Conservatives are used to getting smeared as extremists by the national press. But the same trend can sometimes be seen on the state and local level. Consider that the Ft. Wayne Journal-Gazette in Indiana ran a story about opponents of the U.N.’s Law of the Sea Treaty before the Senate. Sylvia A. Smith, Washington editor of the Journal-Gazette, wrote about how “conservatives and isolationists” had “long lobbied against the treaty.” We were intrigued by this story because of the lumping of conservatives in with “isolationists.” We were also interested in the story because the main Senate proponent of the treaty, Senator Richard Lugar, is from Indiana. It probably looks good for Lugar to be pitted against those “isolationists,” whoever they are.
It’s difficult to know what she meant by this term, since it wasn’t defined, but there are few isolationists active in Washington, D.C. these days. The term is really a left-over from the days before the U.S. confronted Hitler in World War II, when some were arguing that the U.S. should not get involved in European wars. As such, the term “isolationist” now has a connotation of being na?ve or ignorant about foreign affairs. By extension, therefore, someone who opposes the Law of the Sea Treaty is someone who doesn’t know what he or she is talking about.
But who has the facts? Conservatives insist that the treaty creates an International Seabed Authority, ISA, that can “levy taxes, a first in the history of multilateral institutions.” On his web site, Lugar disputes this, saying, “No, the ISA has no authority to levy taxes.” However, he goes on to say that, “The Convention does contemplate the elaboration of rules for payments of royalties to the ISA from revenues generated from deep seabed mining. Under the Convention’s rules, such royalty payments would be used to cover the ISA’s expenses?Should any surplus revenues be generated, they could be used in certain cases to provide economic assistance to developing countries.”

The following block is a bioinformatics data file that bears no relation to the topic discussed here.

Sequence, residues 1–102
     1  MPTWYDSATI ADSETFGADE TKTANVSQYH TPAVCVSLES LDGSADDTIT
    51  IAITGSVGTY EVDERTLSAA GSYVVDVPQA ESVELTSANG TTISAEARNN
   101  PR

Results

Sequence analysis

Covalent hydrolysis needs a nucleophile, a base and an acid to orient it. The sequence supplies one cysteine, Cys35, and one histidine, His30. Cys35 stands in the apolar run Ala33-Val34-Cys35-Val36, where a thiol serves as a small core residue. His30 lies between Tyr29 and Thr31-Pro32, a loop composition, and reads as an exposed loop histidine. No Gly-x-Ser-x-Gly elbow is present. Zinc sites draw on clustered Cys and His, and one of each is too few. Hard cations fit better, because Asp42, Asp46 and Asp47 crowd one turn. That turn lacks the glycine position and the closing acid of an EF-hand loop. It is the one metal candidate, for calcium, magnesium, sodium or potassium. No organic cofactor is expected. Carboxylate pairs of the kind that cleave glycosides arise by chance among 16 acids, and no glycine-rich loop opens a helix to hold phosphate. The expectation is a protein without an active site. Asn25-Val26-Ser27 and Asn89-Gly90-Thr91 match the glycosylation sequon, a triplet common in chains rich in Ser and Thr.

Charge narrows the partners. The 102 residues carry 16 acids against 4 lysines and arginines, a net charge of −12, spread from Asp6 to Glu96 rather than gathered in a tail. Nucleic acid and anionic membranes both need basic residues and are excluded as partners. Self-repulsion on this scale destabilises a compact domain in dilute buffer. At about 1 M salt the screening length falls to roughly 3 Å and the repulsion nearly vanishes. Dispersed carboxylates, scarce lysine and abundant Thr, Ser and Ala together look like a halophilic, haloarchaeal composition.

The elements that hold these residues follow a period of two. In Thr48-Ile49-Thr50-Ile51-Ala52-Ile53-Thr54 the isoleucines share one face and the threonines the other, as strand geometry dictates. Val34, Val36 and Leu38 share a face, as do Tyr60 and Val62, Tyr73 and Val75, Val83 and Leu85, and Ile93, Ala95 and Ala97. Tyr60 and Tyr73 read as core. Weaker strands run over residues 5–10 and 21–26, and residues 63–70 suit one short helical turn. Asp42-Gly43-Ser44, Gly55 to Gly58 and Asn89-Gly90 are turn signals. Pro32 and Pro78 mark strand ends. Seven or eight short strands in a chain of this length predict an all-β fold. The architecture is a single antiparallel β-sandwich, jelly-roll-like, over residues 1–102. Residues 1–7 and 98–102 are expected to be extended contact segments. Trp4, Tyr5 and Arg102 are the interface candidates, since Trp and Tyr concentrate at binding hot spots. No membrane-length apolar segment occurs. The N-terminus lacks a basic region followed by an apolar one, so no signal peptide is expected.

Lugar’s language is reminiscent of how the book, Doublespeak, documents how politicians speak in code to hide the facts. Few politicians want to openly propose new taxes on the American people. So new terms are invented. Taxes, for example, have in the past been called “revenue enhancers.” In the Law of the Sea Treaty, royalties or fees are taxes. American corporations will not be able to mine the seabed without the approval of the “International Seabed Authority,” which manages the treaty. Because this revenue is mandatory, the royalties or fees are taxes.
The media prefer not to discuss this. When conservatives derailed the treaty last year, the Washington Post ran a story mocking the “staunch conservatives” who had been “denouncing the treaty as a dangerous sop to those who prefer a one-world government to muscular U.S. sovereignty.” One-world government sounds far-fetched but the Post conveniently forgot to mention that the Law of the Sea Treaty gives taxing authority to a U.N. body for the first time. And just recently at the World Economic Forum in Davos, Switzerland, French President Chirac once again openly called for a global tax.